Enjoying the homemade pizza dinner over at the Immaculate Heart of Mary community, located across the street from Franciscan Mission Service.

In just a matter of two months, the 27th class of lay missioners will be beginning courses at Casa San Salvador, with new mission candidates who will be continuing to discern where Christ is leading them through their studies in subjects including theology and Franciscan Spirituality. Just across the street from us, another group of individuals are also taking formation courses in theology and philosophy – the Servants of the Lord and of the Virgin Matara, religious sisters also preparing to further understand God’s call in their lives.

FMS prospective missioner Kitzi Hendricks alongside two of our neighbors.

This past Thursday, we were able to share a meal and conversation with our neighbors the Servants of the Lord at their home. Since we also had been planning our Discernment Days’ Sorbet Social for the very same evening, following our meal the sisters and the FMS community walked across the street to Casa San Salvador for a tasty ice cream treat.


The topic of discernment ended up being very prevalent, as many of the sisters shared with us their vocation stories and decision to becoming a sister with the Servants of the Lord. It was quite fitting for FMS since we were holding our discernment retreat, which is designed to help prospective mission candidates pray about the decision to commit three years of their lives to lay mission work. Though religious and lay each have unique vocations, we still found our common ground, through our desire to live in community and by the assertion that each and every one of us had the overall longing to love and serve Christ always (amar y servir Cristo siempre).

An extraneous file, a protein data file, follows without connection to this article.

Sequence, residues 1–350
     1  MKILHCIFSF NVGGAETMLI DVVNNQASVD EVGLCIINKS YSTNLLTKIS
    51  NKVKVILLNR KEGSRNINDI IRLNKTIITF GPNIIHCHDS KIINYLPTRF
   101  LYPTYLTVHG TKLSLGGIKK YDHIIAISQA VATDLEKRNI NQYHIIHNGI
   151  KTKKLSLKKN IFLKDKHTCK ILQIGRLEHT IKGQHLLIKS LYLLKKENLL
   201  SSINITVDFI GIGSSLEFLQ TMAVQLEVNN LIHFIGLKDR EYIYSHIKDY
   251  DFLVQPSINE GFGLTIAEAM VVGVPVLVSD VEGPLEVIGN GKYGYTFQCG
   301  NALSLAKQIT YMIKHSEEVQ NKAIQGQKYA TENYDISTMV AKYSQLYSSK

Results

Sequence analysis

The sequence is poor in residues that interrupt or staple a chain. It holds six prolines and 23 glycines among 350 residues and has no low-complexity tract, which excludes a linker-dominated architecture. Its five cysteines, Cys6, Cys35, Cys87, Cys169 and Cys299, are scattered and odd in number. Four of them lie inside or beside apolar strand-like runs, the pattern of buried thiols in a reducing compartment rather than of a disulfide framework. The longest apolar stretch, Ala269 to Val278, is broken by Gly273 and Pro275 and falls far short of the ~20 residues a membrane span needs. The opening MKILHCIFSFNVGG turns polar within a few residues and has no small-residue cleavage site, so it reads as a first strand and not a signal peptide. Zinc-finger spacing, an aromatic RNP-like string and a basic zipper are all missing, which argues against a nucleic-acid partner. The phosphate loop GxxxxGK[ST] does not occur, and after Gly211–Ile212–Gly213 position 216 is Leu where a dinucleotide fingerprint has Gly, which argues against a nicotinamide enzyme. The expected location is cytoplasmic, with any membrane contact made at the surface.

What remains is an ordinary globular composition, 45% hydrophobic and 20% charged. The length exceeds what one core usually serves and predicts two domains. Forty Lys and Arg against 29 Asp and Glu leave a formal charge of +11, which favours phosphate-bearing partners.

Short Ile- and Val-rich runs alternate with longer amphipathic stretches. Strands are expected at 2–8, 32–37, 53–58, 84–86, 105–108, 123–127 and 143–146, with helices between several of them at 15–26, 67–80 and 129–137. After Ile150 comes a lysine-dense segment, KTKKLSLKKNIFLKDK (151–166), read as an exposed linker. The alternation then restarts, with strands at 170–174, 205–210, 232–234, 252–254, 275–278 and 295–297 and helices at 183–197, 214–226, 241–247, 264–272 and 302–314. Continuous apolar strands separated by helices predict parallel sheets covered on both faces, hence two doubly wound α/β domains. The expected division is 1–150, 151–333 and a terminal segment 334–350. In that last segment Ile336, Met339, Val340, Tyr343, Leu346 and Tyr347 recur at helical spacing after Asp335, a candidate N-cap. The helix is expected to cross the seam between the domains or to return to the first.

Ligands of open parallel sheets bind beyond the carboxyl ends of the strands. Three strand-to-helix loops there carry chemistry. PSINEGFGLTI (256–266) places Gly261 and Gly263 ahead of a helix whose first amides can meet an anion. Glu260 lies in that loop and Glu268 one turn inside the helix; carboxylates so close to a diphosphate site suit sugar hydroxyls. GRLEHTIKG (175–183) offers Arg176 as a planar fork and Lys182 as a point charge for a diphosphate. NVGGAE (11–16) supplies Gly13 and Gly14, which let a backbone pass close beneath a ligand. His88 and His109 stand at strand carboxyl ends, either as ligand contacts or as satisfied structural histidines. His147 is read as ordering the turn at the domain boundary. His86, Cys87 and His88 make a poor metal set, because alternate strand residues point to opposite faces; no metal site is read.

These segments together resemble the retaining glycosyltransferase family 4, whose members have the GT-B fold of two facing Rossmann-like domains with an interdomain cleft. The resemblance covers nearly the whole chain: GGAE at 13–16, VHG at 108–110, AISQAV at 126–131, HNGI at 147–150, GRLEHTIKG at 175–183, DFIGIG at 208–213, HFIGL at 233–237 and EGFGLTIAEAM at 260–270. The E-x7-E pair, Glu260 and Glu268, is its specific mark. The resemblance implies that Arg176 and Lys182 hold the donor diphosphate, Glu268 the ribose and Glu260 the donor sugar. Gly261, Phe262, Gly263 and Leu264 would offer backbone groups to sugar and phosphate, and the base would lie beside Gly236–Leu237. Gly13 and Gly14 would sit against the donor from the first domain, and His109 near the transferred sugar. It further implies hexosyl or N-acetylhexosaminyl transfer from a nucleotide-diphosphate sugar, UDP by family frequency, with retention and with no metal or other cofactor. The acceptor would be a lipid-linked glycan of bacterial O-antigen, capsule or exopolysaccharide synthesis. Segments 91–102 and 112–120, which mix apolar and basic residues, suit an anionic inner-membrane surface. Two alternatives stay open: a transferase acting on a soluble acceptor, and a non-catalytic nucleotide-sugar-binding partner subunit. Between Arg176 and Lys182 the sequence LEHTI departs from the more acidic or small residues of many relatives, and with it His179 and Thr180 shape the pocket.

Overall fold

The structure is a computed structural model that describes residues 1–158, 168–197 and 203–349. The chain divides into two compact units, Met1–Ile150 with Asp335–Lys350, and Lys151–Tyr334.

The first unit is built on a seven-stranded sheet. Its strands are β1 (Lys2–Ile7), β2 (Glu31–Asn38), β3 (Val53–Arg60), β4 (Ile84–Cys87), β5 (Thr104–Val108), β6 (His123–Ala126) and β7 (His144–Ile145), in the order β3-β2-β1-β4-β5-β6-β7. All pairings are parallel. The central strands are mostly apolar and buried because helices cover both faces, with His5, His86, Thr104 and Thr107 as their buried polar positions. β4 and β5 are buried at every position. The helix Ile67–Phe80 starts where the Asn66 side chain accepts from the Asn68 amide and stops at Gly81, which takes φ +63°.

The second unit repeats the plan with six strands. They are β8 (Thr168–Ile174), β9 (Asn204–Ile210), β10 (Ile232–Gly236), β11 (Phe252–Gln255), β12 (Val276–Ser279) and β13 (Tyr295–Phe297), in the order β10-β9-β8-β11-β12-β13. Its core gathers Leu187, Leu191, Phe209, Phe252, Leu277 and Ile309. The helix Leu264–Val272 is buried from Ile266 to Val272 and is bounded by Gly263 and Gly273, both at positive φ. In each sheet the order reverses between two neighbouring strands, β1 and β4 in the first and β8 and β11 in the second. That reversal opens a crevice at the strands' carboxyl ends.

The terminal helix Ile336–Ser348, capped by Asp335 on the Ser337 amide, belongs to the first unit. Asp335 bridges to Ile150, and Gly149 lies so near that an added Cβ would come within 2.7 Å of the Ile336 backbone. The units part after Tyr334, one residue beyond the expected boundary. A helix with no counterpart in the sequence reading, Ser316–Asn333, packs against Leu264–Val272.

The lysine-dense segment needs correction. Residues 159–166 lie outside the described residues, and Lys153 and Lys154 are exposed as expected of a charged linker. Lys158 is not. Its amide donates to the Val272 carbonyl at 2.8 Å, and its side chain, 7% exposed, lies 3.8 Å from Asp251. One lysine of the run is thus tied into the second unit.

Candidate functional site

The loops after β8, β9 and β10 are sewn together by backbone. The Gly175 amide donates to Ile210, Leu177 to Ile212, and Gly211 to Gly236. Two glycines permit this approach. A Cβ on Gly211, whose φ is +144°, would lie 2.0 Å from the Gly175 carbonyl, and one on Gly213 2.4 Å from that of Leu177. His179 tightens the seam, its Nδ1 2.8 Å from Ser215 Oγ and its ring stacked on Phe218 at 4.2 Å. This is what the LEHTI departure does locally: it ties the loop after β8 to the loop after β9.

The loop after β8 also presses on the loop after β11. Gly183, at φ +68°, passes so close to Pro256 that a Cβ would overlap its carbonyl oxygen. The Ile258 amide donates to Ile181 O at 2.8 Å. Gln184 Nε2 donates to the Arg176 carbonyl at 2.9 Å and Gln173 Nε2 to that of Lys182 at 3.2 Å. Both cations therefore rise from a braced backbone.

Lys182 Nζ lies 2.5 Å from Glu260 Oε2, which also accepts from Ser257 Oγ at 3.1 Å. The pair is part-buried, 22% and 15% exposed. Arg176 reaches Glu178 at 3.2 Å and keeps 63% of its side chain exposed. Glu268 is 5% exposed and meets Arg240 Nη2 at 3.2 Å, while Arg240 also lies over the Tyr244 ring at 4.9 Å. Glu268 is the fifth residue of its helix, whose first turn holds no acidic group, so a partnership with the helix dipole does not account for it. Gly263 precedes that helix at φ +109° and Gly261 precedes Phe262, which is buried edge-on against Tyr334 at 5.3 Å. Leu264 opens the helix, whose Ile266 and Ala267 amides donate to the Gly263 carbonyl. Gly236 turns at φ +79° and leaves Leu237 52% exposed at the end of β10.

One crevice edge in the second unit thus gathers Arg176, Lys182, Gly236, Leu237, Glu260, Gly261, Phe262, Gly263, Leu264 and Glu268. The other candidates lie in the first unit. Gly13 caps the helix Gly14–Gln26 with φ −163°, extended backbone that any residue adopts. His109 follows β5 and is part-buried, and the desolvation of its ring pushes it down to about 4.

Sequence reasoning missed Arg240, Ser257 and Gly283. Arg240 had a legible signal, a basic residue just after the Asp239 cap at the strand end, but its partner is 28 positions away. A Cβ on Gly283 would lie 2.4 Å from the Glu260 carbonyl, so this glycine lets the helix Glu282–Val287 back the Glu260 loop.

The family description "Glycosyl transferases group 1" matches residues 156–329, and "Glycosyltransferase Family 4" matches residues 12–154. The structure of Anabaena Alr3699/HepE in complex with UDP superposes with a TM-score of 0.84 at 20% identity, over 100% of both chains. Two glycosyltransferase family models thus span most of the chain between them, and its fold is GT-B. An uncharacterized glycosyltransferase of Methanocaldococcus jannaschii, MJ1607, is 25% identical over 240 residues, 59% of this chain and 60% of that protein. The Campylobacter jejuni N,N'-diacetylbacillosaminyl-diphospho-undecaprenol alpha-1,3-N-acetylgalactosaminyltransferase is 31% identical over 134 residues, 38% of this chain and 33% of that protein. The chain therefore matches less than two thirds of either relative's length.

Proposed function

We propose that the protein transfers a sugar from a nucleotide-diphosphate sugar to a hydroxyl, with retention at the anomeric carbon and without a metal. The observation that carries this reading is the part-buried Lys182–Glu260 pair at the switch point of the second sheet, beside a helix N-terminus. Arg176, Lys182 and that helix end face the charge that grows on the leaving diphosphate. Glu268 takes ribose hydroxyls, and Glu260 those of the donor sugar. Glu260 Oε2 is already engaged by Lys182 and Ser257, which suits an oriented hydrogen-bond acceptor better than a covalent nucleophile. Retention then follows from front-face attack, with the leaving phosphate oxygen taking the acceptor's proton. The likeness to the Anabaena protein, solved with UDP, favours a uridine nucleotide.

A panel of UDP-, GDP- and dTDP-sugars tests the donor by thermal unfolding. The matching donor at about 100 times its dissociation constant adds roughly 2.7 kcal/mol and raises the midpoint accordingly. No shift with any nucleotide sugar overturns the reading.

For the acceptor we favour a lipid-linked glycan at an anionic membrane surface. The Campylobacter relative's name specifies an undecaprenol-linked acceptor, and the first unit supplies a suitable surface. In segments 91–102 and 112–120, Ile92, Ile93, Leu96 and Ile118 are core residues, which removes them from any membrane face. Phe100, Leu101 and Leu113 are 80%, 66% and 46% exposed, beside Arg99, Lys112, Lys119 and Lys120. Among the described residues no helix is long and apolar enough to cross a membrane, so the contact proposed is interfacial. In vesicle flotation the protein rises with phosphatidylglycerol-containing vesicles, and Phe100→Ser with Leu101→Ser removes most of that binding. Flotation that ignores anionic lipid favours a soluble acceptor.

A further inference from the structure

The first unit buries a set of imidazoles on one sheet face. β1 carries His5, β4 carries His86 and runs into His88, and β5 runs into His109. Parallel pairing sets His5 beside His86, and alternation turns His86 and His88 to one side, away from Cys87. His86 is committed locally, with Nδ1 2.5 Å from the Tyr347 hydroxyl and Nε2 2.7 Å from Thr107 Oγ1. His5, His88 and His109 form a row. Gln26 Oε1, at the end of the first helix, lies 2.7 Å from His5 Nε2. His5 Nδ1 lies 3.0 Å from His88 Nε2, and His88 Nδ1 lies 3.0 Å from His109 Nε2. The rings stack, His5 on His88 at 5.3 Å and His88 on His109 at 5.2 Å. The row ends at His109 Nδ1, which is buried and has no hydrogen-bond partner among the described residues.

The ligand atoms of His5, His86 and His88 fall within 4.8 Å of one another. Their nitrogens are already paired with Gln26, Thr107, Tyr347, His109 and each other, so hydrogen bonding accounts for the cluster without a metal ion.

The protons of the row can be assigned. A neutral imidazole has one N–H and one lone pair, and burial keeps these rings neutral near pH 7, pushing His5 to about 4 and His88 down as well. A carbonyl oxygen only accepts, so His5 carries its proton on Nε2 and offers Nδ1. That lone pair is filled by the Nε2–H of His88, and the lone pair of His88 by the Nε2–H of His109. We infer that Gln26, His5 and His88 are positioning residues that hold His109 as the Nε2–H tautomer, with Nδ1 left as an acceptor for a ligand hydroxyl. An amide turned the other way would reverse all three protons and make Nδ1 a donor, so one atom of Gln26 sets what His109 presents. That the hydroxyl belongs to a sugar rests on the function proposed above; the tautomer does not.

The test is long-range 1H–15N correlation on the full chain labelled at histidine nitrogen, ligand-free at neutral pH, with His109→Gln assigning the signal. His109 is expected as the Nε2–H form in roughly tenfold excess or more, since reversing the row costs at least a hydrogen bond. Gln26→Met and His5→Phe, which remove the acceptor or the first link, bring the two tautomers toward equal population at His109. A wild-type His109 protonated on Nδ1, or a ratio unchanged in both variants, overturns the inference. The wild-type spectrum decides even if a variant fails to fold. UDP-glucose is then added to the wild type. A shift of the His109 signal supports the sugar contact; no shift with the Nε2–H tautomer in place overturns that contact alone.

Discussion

Following dinner the sisters came over with us to Casa San Salvador for our Discernment Days’ Sorbet Social.

It was interesting to hear conversations across the room as all of us discussed the significance of the logos and symbols of their organization. At my table the sister shared with us the Cross of Matara which the sisters wear around their neck and what each symbolized in relation to their charism and mission, how their gray habits symbolized Christ’s humanity and mission on earth, whereas their blue aprons represented his divinity. Across the room, at another table an FMS domestic volunteer could be heard telling the sister about our the FMS tree, how the tree trunk is made up of two people emphasizing our partnership and community approach to mission.

The Cross of Matara is the cross that each of the Sisters – Servants of the Lord – wear around their neck. Beside that is the FMS logo, a tree with its trunk representing two individuals coming together in community and partnership.

Overall it was a blessing to be able to spend this time with neighbors, to be able to contemplate our roles as religious and lay and how we work together towards helping others to know Christ’s humanity and mission.